Power to the people – that’s the central idea behind TDK’s 3-Speaker Boombox. We know what the people want, they say. They want loudness, and they want to be able to take the loudness wherever they go, to spread the gospel of the decibel far and wide. And on that day, verily, the corporate office said, “Let there be sound.” And it was good. (Mostly.)
To give credit where it’s due, with the Boombox, TDK has created a speaker system that marries form and function well. The sleek lines and sparse ornamentation work practically wherever you decide to hook it up; the set just plain looks cool. A couple of the accoutrements are unnecessary – I certainly can do without a dedicated LED readout that alternates between the company’s logo and corny motto. For the most part, though, the design is a win. You won’t be ashamed to plug your iPod into it.
On the plus side, this speaker system can best be described with one word: LOUD. Even at moderate volume levels, the bass on this unit really thumps, and when you turn it up to 11 – oh, yeah, the volume knob actually does have an “11” as its highest setting. The “goes to 11” joke has probably become a bit dated, along with references to Ghostbusters and the first two Terminator films, but the TDK Boombox earns the right to reiterate solely because of the sheer amount of power these three speakers put out. It’s almost like they have actually invented a new level of loudness just to make the gag fit. These 5.5 inch drivers and built-in sub simply do not fool around. What’s probably more important than just the volume, though, is the sound quality, and it’s also at the upper end of the spectrum where this system really shines. Turning it all the way up produces no discernible distortion or warping; at the highest possible setting, you might have to worry about things falling off shelves (not really a joke, that!) but you won’t have to worry about the output getting scratchy or raw. Every bass kick and treble punch remains crisp and delightful, provided your eardrums can endure through the first couple of tracks. It’s really quite remarkable.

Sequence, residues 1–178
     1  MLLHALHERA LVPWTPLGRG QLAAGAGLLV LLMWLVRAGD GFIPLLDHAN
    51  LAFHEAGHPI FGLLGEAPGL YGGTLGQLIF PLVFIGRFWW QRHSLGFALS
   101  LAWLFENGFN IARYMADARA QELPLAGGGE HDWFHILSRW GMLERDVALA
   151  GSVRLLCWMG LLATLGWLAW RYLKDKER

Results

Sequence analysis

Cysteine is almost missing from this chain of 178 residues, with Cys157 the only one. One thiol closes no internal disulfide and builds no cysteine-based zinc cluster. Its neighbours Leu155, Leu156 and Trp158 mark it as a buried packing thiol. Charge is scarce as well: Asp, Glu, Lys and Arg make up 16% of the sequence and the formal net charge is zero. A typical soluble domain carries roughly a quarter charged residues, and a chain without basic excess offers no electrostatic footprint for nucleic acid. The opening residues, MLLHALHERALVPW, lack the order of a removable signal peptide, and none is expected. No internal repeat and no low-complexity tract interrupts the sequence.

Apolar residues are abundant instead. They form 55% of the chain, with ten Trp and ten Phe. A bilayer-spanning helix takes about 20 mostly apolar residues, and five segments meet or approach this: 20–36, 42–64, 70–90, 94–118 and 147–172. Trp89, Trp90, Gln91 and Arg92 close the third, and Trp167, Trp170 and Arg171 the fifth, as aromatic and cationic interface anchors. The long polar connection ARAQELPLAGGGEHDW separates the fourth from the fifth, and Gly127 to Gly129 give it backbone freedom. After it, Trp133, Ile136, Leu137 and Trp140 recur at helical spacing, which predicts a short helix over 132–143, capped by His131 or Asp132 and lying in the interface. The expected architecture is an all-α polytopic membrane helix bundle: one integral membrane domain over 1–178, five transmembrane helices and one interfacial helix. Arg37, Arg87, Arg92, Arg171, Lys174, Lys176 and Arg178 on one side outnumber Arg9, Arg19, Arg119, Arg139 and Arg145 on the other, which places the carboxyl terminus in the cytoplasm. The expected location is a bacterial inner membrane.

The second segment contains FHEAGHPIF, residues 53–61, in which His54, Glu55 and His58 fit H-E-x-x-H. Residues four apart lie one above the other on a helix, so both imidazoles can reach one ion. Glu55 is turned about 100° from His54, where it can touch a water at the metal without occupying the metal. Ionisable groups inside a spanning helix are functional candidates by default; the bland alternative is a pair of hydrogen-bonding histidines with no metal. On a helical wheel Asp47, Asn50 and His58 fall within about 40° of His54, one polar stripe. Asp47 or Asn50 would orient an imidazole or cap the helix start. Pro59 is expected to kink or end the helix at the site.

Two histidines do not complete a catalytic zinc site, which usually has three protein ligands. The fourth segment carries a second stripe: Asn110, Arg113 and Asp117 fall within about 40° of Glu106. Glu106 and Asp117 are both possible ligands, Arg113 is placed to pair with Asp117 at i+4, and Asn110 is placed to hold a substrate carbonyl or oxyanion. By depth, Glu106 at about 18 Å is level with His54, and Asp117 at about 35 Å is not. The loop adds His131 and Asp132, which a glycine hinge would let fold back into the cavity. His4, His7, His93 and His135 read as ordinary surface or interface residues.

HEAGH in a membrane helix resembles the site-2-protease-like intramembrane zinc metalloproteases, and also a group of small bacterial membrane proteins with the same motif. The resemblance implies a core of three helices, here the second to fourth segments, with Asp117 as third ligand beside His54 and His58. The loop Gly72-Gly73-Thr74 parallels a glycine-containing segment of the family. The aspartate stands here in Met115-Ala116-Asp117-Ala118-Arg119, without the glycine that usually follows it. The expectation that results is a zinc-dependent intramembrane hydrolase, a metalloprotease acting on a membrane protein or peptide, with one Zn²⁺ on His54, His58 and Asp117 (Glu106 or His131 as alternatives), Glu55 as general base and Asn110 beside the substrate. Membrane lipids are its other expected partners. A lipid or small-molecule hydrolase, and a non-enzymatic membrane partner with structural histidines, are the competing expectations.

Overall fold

The list of built-in features is comprehensive, with a USB connector for iPods (no actual dock, but a 30-pin connector cable does the job acceptably) or external hard drives. When you connect a storage device, one of the three front-panel LCDs lights up with track info and playback controls. 3.5mm and RCA audio inputs, as well as a built-in AM/FM tuner with quite good antenna-less receptions, round out the feature set. One of Boombox’s coolest capabilities is its ability to be used as a standard amplifier for electronic instruments; for budding musicians or garage bands, this might soften the blow from the unit’s $500 price tag. As has been mentioned to death already, the volume available means that using the Boombox in this fashion will hardly disappoint.